Your leaking thatched hut during the restoration of a pre-Enlightenment state.


Hello, my name is Judas Gutenberg and this is my blaag (pronounced as you would the vomit noise "hyroop-bleuach").


decay & ruin
Biosphere II
dead malls
Irving housing

got that wrong

appropriate tech
Arduino μcontrollers
Backwoods Home
Fractal antenna

fun social media stuff

(nobody does!)

Like my brownhouse:
   acceptable urine repository
Monday, October 30 2023

location: rural Hurley Township, Ulster County, NY

Some weeks ago I mentioned that I'd made some long-procrastinated changes to tagHREFprefixer, a PHP function that runs on the backend of this site to automatically prefix image URLs and anchor HREFs so they behave as desired when the web page is served from the root of the site (instead of in some subdirectory). It turns out that this change had worked for only a subset of URL and HREF styles. Those lacking quotes or quoted in single-quotes were broken by this change. So today I was determined to fix the problem, and I'm a little embarrassed to say that the fix took hours. It was like trying to get a too-large carpet to fit a floor. Once I had a wrinkle flattened in one place, it would pop up in another. Eventually, though, I had all my test cases before me and I could figure out exactly what cases I had to handle in the code, and then all my test cases worked correctly.
Part of the problem with getting anything done that involves mental effort is the continuing distraction of Charlotte, our new dog. This is especially true on such days as Mondays, when Gretchen is away for much of the day and dog duties rest entirely on me. It was a cool rainy day, and this was making the outdoors an unpleasant place to go. Charlotte dealt with the situation by urinating on a dog bed in the living room instead of going out into the yard. In fairness to Charlotte, that dog bed stank of a lot more dog piss than she'd been able to put into it, so perhaps she saw it as an acceptable urine repository. I decided to wash it out as best I could and put it into the dryer. Without it there, Charlotte later pissed on the floor where it had been. In despair, I tried multiple times to get her to go outside to piss. At one point I made such a commotion about doing so that Neville (who hates the rain more than Charlotte) came outside and actually did piss while Charlotte did not, so only he got a reward.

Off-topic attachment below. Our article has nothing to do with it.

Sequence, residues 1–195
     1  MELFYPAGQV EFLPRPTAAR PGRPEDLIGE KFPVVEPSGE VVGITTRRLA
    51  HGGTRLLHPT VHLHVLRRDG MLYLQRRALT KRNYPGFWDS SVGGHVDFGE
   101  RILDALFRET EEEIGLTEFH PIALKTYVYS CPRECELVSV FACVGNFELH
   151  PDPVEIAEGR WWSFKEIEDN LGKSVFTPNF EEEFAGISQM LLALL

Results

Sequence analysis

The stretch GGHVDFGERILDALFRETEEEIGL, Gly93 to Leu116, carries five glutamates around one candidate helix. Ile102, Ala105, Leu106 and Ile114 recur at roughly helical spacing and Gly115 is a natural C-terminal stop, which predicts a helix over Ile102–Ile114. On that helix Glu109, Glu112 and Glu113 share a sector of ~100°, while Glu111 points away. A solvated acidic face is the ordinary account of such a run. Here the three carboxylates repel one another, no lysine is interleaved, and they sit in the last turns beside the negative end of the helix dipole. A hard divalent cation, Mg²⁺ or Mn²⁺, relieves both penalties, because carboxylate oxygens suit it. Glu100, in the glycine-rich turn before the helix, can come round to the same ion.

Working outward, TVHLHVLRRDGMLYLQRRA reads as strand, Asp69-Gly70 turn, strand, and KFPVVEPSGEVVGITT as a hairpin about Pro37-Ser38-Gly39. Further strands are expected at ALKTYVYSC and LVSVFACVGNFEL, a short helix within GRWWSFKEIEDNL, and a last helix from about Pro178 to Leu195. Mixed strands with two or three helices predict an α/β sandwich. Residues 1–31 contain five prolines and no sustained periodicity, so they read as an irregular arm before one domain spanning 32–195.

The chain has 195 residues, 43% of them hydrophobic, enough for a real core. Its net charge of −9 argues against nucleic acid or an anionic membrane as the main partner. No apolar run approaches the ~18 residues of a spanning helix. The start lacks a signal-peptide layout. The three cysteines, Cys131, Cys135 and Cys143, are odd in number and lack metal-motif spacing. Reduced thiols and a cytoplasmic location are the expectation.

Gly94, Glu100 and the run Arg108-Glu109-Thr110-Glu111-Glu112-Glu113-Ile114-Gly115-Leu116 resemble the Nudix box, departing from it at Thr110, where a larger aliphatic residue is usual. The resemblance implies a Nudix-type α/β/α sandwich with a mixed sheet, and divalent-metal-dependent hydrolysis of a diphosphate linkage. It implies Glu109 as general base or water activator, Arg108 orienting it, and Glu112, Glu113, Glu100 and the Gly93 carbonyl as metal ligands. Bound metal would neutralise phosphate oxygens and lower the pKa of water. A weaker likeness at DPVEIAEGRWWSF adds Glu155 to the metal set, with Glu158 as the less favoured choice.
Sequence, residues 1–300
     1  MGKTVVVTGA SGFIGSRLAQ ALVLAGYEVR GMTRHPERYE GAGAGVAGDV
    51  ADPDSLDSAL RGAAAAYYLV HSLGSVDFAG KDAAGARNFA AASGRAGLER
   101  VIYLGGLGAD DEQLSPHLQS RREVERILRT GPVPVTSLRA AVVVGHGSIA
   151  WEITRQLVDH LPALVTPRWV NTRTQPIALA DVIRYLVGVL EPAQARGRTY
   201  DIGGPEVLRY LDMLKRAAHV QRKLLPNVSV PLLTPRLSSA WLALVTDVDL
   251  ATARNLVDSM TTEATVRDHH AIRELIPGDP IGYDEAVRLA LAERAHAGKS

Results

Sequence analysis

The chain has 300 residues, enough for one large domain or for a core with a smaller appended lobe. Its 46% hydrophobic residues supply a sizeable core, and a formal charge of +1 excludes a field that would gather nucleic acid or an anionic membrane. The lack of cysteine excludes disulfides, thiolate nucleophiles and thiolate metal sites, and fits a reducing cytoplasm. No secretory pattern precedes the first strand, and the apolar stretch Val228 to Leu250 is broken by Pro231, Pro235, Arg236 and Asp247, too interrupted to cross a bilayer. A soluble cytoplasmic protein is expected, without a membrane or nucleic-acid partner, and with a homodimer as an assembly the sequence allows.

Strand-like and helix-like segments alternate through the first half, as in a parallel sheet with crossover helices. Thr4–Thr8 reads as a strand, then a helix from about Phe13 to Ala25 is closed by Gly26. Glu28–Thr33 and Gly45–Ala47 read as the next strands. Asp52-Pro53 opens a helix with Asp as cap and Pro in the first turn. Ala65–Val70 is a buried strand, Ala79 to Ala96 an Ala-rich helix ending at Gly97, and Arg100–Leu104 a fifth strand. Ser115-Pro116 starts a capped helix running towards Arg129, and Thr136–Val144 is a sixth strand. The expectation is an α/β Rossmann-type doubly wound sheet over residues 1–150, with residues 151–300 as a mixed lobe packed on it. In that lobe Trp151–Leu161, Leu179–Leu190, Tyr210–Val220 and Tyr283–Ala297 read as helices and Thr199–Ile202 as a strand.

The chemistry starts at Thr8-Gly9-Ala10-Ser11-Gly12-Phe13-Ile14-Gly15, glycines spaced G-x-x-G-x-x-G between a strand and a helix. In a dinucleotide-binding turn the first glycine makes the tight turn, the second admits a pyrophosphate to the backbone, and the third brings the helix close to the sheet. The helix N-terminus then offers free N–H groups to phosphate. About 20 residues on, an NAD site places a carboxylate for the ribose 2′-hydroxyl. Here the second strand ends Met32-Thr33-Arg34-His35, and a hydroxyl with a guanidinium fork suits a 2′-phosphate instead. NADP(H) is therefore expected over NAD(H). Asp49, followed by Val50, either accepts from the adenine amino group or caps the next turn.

This evening after the dogs had settled into the bed, things seemed relaxed enough for me to take a bath. I hate being in a bathtub if there is a disturbance in the house, and somehow that managed not to happen.
Later I built out a complete user registration system for my cloud-based clipboard system, which is now finally storing encrypted passwords the way web apps are supposed to. All this work was in preparation to fork the project and start work on a cloud-based document scanning system I have decided to build for Alex, my old boss. I'll be doing it on spec, though, meaning I will probably never get any money for it. But it's important to keep my software development skills sharp.
Meanwhile Gretchen had worked a shift at the bookstore and then met up with Jeff and Alana to see Hedwig and the Angry Inch (the movie) in a Saugerties theatre. When she came home, we discussed an interesting thing that has come out of nowhere. The other day a biologist with Gretchen's last name reached out to her saying he was a distant cousin and that his daughter is an AI researcher with an interest in poetry. Gretchen then talked to the daughter, who wondered if Gretchen would be interested in training AIs on the subject of what makes good poetry. Part of what makes this wild is that Gretchen just finished reading Do You Remember Being Born?, a book about a poet who collaborates with an AI to write poetry. In our conversation about it tonight, Gretchen expressed ethical qualms with AIs being used to displace humans in their occupations. But I was pretty sure that poets are among the last "workers" that automation will target, given how little they get monetarily for their efforts. I thought it was more likely that the reason for having poets train AIs is to further improve the artfulness and nuance of AI-generated language, which tends to be stiff and overly businesslike. I said that a job training AIs on the nuances of poetry is a once-in-a-lifetime gig and Gretchen should definitely do it. She seemed to be thinking better of it the more we discussed it. Though she hates the idea of machines replacing humans in places where they have no business, she also likes saying "yes" to things to broaden and color her life experience.

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